Finance 101 Series: 10 things you should know about TFSAs – Consult with Bruce Coleman, Vancouver Mortgage Broker
While many Canadians are focused on the looming RRSP deadline and maximizing contributions, it’s important that they don’t lose sight of an important alternative investment, a tax-free savings account.
A major benefit of TFSAs is that money invested in them can grow tax free-for life, says Ahmad Dajani, vice-president of investments, guaranteed investment certificates and sales tools for Scotiabank in Toronto. “They provide great flexibility because you can pay as little as you like up to $5,500 a year and withdraw funds without penalty or tax consequences.”
TFSAs are a useful special purpose savings vehicle for anyone wanting to save for a major expense, such as a renovation, car purchase or other outlay. Alternatively, investors – including retirees — can use TFSAs to generate dividend, interest or capital gains income tax-free.
Here are some things you should know about TFSAs:
- The starting age for contributions is 18.
- There’s no age limit to contributing to TFSAs; you can continue to invest even after the age of 71, the limit for RRSPs.
- Investors can contribute a maximum of $5,500 per year in 2014.
- If you have not contributed in the past, or did not meet maximum contributions in any given year, you can catch up on unused contributions (Up to the $31,000 limit as of this calendar year). The best way to keep track of your unused contribution room is to check out your notice of assessment from the CRA.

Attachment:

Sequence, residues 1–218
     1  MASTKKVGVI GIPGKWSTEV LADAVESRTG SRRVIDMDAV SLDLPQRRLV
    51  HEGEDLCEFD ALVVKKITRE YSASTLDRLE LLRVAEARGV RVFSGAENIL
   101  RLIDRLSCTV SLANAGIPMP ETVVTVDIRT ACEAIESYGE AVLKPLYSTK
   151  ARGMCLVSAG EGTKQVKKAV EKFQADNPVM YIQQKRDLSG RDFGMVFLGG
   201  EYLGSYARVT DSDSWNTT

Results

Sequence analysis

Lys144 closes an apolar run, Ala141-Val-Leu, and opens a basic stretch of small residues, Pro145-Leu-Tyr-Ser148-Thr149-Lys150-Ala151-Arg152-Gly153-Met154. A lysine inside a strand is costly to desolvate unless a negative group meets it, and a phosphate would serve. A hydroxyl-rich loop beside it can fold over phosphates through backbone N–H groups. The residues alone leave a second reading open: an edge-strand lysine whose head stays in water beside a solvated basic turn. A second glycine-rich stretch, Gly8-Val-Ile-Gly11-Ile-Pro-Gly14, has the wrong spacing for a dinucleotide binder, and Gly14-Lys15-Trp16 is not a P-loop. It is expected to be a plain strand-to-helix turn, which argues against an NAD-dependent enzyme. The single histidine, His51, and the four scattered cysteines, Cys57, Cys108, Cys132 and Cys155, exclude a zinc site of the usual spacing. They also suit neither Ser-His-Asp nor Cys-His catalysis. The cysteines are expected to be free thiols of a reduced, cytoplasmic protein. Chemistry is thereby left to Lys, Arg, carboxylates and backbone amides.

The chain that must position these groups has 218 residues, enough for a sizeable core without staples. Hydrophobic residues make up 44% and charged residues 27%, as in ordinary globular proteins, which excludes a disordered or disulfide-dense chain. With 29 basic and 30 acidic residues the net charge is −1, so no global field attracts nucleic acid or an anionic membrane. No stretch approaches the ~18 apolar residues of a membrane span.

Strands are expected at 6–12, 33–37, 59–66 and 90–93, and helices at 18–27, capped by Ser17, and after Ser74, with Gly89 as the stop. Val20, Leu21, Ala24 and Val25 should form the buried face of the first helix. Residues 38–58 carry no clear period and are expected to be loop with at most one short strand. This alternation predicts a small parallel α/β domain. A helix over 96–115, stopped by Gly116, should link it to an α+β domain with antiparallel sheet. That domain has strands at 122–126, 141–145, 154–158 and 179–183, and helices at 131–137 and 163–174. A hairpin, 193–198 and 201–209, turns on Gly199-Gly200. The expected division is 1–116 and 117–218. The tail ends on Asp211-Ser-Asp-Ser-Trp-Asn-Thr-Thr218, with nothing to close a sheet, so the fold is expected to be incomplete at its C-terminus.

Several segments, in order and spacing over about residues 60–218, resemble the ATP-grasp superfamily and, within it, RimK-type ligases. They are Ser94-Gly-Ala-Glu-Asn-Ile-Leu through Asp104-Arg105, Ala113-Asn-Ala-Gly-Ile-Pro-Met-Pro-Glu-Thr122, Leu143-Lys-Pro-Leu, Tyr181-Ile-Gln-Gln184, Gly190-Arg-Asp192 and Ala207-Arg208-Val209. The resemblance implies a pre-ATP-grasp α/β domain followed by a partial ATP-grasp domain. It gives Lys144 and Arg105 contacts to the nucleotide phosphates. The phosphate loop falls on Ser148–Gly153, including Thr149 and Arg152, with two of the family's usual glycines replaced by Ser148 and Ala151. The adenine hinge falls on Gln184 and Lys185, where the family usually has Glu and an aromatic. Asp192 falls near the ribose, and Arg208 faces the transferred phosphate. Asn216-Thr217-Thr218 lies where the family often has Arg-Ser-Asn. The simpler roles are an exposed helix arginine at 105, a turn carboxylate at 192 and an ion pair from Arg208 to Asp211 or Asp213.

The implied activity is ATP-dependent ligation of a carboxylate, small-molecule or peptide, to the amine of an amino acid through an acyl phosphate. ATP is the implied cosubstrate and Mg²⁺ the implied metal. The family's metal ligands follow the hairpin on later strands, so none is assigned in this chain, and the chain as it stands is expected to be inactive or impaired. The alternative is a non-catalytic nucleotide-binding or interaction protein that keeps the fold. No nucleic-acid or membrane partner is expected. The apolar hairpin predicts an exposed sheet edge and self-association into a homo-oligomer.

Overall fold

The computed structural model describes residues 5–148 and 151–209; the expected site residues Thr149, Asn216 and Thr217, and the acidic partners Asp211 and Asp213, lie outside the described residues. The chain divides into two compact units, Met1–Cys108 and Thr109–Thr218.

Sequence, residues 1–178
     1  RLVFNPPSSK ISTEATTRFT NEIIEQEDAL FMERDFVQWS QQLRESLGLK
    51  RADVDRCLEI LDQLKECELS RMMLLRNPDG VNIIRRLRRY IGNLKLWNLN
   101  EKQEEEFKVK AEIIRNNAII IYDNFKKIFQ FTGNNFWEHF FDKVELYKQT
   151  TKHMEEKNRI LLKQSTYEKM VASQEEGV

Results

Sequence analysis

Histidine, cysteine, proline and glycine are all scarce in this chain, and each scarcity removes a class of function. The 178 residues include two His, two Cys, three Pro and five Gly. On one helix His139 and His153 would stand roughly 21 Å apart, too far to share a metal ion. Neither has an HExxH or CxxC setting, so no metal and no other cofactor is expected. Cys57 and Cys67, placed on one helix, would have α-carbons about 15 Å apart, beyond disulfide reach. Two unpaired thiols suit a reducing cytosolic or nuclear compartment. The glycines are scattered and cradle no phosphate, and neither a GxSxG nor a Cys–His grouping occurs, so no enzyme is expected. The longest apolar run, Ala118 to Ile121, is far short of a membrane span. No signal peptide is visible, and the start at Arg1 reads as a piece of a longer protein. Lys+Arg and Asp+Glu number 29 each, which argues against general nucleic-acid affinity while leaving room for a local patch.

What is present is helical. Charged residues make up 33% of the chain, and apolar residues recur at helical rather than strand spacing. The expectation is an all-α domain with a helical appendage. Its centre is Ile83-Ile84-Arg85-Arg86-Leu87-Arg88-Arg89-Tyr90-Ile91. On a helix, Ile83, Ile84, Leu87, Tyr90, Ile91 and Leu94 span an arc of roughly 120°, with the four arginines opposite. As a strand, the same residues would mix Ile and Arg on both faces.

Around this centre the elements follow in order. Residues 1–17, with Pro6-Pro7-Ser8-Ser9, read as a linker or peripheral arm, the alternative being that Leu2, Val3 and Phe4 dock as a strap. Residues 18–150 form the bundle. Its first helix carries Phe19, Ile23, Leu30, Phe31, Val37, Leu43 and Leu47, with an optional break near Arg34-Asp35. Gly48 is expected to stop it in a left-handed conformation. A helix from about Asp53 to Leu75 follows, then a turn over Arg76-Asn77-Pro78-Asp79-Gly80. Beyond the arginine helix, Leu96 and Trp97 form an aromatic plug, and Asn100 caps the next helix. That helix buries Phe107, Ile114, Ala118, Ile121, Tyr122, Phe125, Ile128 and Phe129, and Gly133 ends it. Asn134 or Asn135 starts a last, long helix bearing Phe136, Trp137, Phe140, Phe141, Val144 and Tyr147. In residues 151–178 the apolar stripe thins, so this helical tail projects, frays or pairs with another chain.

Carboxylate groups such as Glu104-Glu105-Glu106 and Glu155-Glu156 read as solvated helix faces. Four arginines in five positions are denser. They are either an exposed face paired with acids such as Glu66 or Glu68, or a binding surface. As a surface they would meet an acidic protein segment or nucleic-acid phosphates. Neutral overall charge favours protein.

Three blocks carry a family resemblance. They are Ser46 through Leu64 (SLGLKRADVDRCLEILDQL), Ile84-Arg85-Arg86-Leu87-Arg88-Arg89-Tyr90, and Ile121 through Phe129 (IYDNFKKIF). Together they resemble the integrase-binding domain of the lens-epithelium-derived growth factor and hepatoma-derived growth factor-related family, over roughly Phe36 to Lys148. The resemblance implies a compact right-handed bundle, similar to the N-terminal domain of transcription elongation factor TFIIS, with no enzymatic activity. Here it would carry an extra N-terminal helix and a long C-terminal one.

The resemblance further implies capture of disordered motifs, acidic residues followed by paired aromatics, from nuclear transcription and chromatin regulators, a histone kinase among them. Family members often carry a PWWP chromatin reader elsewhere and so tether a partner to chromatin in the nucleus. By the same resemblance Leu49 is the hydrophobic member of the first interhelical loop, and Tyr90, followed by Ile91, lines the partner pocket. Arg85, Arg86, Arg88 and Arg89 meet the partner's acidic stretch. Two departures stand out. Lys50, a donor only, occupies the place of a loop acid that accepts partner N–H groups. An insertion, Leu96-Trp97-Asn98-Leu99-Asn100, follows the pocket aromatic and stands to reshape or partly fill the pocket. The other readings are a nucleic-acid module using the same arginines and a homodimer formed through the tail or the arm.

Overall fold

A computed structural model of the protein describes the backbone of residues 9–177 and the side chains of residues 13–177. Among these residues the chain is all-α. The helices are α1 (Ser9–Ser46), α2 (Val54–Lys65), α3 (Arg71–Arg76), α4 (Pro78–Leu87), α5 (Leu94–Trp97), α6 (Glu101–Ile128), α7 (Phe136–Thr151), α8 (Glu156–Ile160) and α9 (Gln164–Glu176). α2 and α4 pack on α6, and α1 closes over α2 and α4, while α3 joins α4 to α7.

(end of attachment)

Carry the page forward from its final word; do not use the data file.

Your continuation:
- Be careful not to over-contribute or you will incur tax penalties equal to 1% of the highest excess amount in the month and for each month you are over.
- You can withdraw money at any time without penalty or tax consequences. However, you can’t re-contribute that amount in the same calendar year. (If you only need the funds for a short time and plan to replace them quickly, the best strategy is to make the withdrawal late in the calendar year so you can re-contribute Jan. 1 of the following year.)
- TFSA withdrawals do not impact any government benefits or assistance programs such as child tax benefits, old age security or other guaranteed income supplements. This means low-income earners can generate tax-free income without it affecting their support.
- A TFSA is not just a cash account. It can be structured so you can invest in various vehicles, such as GICs, bonds, mutual funds, stocks and exchange-traded funds, among other options.
- Unlike RRSPs, deductions are not tax deductible. However, you can double up on tax-free income generation by opening a second TFSA in your spouse’s name.
- For those on a limited budget, the best way to keep up with contributions is to set up an automatic monthly withdrawal plan.